• Antipsychotics. These are also a top priority for many payers, particularly Medicaid plans, as five major brands will likely lose patent protection by the end of 2012. Despite historical sensitivities around limiting access to these important medications, plans are considering the use of restrictions on remaining brands to limit access. Multiple generic options address patient response variability issues, reducing physician and payer resistance to generic-first mandates.
  • Antiepileptics. In contrast, managing antiepileptics is not a priority for any payer type, due to the sensitive nature of the disease and the fact that there is already high generic utilization. New agents entering this market will face few restrictions; however, they will have difficulty in obtaining preferential, tier-two access at most plans if they lack significant clinical differentiation.
  • Neuropathic pain agents. In recent years, neuropathic pain has become a priority, particularly in Medicare Part D and Medicaid plans. There is widespread use of brand drugs in this category, even though multiple generics are available. Brand use will continue to grow through expanded indications, such as for treating fibromyalgia and chronic back pain, and will likely lead to increased payer management.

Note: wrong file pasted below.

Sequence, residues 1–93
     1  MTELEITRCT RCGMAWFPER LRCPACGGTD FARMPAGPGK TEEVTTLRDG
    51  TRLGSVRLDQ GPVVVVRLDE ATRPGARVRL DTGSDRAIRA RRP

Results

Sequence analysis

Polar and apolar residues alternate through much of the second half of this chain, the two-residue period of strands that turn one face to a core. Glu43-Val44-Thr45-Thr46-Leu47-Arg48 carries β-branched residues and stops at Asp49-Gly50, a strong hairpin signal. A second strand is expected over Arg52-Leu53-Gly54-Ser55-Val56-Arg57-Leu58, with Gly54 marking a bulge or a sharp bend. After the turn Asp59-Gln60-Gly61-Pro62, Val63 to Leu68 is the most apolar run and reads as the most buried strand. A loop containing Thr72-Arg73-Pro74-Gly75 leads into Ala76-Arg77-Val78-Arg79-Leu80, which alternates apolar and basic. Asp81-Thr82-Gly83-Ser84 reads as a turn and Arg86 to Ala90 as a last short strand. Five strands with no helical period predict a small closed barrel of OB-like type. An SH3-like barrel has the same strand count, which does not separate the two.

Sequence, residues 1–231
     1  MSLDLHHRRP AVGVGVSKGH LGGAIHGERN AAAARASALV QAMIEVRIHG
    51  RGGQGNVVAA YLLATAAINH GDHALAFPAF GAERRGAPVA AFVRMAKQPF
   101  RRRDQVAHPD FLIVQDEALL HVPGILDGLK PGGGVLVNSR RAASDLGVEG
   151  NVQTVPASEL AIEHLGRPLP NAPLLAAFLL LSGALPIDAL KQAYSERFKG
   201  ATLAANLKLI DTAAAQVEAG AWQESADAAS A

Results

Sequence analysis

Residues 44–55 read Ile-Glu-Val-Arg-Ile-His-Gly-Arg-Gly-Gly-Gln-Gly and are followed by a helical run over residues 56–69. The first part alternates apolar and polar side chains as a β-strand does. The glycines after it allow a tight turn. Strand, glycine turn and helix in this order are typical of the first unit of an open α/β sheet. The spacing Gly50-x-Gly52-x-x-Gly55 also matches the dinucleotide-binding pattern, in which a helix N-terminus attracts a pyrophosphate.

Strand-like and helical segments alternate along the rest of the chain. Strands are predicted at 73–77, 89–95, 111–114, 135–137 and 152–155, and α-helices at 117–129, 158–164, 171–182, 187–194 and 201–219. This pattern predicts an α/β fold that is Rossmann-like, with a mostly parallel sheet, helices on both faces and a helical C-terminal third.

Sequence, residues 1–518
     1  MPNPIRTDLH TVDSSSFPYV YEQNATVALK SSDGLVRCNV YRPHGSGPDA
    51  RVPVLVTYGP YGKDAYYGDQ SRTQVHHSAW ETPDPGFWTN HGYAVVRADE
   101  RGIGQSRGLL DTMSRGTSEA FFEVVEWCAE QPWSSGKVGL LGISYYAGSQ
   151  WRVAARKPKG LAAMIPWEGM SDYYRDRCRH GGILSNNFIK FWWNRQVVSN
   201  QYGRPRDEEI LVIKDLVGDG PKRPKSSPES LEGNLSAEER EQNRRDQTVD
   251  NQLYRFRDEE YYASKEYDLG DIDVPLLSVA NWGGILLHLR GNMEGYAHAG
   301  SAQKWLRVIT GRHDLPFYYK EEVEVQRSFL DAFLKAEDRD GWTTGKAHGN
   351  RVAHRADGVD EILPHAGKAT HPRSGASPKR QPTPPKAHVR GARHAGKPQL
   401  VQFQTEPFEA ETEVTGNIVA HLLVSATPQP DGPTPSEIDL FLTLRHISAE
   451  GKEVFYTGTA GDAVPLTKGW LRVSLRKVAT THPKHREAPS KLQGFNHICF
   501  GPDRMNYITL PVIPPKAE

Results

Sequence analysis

Once companies understand the complex factors that determine brand access in this important market, they can develop tailored, payer-access strategies to maximize revenue for existing and potential new-to-market brands. These may include:

  • Contracting aggressively to avoid step edits, if this benefits brand success.
  • Differentiating the brand. Payers seek head-to-head clinical trials and real-world data that demonstrate a better response rate than competitors.
  • Educating payers on the complexities of the disease, and showing how your brand effectively treats specific populations better than competing brands and generics.



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  • Fiona Frascella is a consultant supporting the Brand Access Analysis Services and consulting engagements for the managed care market segments of Health Strategies Group. Fiona has studied payer management trends across more than 30 categories, concentrating on the specialty biotech market. She has authored numerous brand access publications and advised more than 20 leading pharmaceutical and biotech clients in identifying strategies and tactics to improve brand access among payers.